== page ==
OpenLearning and Canva partnership addresses tech skill gap

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Global visual communications platform Canva has partnered ASX listed OpenLearning on a program designed to provide computer science upskilling to breach the Australian tech skills gap.

Digital Nation spoke to Adam Brimo, CEO of OpenLearning to learn more about the CS101 program and understand how the company is increasing access to higher quality education.

“CS101 stands for computer science 101, and the idea behind CS101, is that we really want to equip people with the foundational programming problem solving computational thinking skills that are necessary to succeed in the technology sector,” says Brimo.

According to Brimo, many of the tools that offer education in front end development and programming are surface level, and do not give users the information necessary to fully grasp necessary concepts.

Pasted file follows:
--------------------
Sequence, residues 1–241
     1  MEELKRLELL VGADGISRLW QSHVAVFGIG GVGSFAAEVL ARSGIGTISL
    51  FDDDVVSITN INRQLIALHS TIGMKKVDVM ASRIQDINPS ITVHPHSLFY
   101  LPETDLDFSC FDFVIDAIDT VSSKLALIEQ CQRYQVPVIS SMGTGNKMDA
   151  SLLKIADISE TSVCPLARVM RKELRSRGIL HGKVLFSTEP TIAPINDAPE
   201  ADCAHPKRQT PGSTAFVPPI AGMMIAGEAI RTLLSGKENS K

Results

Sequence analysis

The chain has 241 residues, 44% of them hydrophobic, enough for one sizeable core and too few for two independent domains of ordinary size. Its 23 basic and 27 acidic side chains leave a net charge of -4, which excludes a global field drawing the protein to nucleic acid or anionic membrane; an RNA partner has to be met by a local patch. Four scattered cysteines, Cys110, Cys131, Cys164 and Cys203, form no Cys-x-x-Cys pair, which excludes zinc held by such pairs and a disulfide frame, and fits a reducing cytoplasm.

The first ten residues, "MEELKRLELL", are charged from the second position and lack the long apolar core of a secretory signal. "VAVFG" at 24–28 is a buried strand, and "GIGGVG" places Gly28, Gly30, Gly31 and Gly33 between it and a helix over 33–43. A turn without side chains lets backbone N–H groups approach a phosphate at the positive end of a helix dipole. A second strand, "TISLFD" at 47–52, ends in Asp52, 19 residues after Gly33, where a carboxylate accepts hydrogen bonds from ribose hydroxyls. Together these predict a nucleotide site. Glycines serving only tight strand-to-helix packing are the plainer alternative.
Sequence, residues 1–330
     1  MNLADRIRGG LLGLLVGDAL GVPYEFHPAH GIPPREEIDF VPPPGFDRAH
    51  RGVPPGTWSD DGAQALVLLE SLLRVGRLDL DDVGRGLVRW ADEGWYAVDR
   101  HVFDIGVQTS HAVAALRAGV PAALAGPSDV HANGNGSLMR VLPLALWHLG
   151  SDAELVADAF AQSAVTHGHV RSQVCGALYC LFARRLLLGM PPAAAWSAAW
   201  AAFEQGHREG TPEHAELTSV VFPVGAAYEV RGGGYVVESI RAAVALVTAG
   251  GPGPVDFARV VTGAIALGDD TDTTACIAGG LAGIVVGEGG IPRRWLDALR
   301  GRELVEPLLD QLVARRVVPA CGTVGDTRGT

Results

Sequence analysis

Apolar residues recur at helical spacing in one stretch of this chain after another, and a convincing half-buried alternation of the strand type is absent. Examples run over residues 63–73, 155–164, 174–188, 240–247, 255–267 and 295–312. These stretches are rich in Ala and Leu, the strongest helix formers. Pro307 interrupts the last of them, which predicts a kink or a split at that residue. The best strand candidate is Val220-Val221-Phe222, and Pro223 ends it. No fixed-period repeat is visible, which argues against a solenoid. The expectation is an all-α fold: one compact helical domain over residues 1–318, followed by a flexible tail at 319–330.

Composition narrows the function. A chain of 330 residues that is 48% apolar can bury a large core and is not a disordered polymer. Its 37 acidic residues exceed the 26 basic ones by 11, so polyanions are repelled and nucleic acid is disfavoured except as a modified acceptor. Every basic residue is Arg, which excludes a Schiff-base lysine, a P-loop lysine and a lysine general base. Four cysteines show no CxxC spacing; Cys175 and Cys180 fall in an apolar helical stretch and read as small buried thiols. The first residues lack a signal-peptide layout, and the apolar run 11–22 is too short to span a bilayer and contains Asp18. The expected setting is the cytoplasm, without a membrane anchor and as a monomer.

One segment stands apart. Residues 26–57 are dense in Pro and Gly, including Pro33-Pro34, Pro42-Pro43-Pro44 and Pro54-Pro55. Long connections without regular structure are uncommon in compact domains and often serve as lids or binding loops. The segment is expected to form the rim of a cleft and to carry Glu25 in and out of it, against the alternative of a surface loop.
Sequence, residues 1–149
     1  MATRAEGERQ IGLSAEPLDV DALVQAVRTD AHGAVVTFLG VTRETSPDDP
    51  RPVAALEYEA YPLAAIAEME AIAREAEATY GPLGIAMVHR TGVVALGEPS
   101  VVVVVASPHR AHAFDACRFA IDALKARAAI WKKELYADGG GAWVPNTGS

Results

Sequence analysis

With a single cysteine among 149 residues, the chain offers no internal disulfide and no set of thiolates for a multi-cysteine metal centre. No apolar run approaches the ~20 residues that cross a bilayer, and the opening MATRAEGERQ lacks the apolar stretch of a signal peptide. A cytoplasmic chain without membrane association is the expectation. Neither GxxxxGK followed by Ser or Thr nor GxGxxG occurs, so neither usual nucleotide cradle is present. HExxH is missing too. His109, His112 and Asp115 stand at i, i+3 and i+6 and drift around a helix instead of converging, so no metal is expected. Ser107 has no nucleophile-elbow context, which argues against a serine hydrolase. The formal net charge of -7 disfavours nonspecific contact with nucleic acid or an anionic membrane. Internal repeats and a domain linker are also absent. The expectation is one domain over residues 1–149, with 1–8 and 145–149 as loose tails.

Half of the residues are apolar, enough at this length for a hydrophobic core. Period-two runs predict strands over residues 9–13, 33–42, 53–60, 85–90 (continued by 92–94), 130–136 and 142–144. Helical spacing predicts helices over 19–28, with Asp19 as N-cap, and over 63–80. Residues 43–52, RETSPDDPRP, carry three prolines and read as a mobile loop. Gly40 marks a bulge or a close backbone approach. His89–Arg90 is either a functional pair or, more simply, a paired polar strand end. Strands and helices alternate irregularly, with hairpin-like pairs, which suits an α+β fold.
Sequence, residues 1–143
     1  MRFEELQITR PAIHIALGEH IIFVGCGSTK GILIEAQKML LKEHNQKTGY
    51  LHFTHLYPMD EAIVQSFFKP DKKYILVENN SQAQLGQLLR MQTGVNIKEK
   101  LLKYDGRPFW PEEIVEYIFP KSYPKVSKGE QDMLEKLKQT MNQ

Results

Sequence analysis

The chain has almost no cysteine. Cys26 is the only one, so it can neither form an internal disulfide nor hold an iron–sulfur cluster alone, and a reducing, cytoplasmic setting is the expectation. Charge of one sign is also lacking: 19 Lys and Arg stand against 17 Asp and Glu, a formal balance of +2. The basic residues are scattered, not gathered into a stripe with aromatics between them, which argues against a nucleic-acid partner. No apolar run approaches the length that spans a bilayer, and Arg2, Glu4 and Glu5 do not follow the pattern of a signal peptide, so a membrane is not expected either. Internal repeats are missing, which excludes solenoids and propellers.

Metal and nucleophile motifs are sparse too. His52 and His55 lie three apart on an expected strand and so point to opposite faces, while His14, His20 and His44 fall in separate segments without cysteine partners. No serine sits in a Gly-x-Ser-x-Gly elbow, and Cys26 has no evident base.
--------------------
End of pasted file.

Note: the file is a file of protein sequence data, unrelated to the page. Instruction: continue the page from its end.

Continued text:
CS101 instead starts users from the very beginning, Brimo says, filling the gaps that he sees many people in the industry have in their knowledge.

Brimo says that in the CS101 program, not only can you develop programming skills, but you can "learn how to learn" computer science.

He believes that the rapidly evolving nature of computer science means that providing users with the fundamental elements of computer science will allow them to confidently keep up with new technologies.

According to OpenLearning, Australia will need an extra 60,000 tech workers annually over the next five years while only 7,000 students graduated with a technology-related degree in 2019.

Brimo says CS101 is helping to meet this need.

“It's providing those foundations and Canva will be putting a number of their own team members through the program, so they can actually learn and give us feedback along the way as well,” Brimo says.

“Together, we'll ensure that this is one of the world's best computer science programs and is available to lots of people around the world if they want tend to the technology sector, or start their journey towards becoming a computer scientist.”

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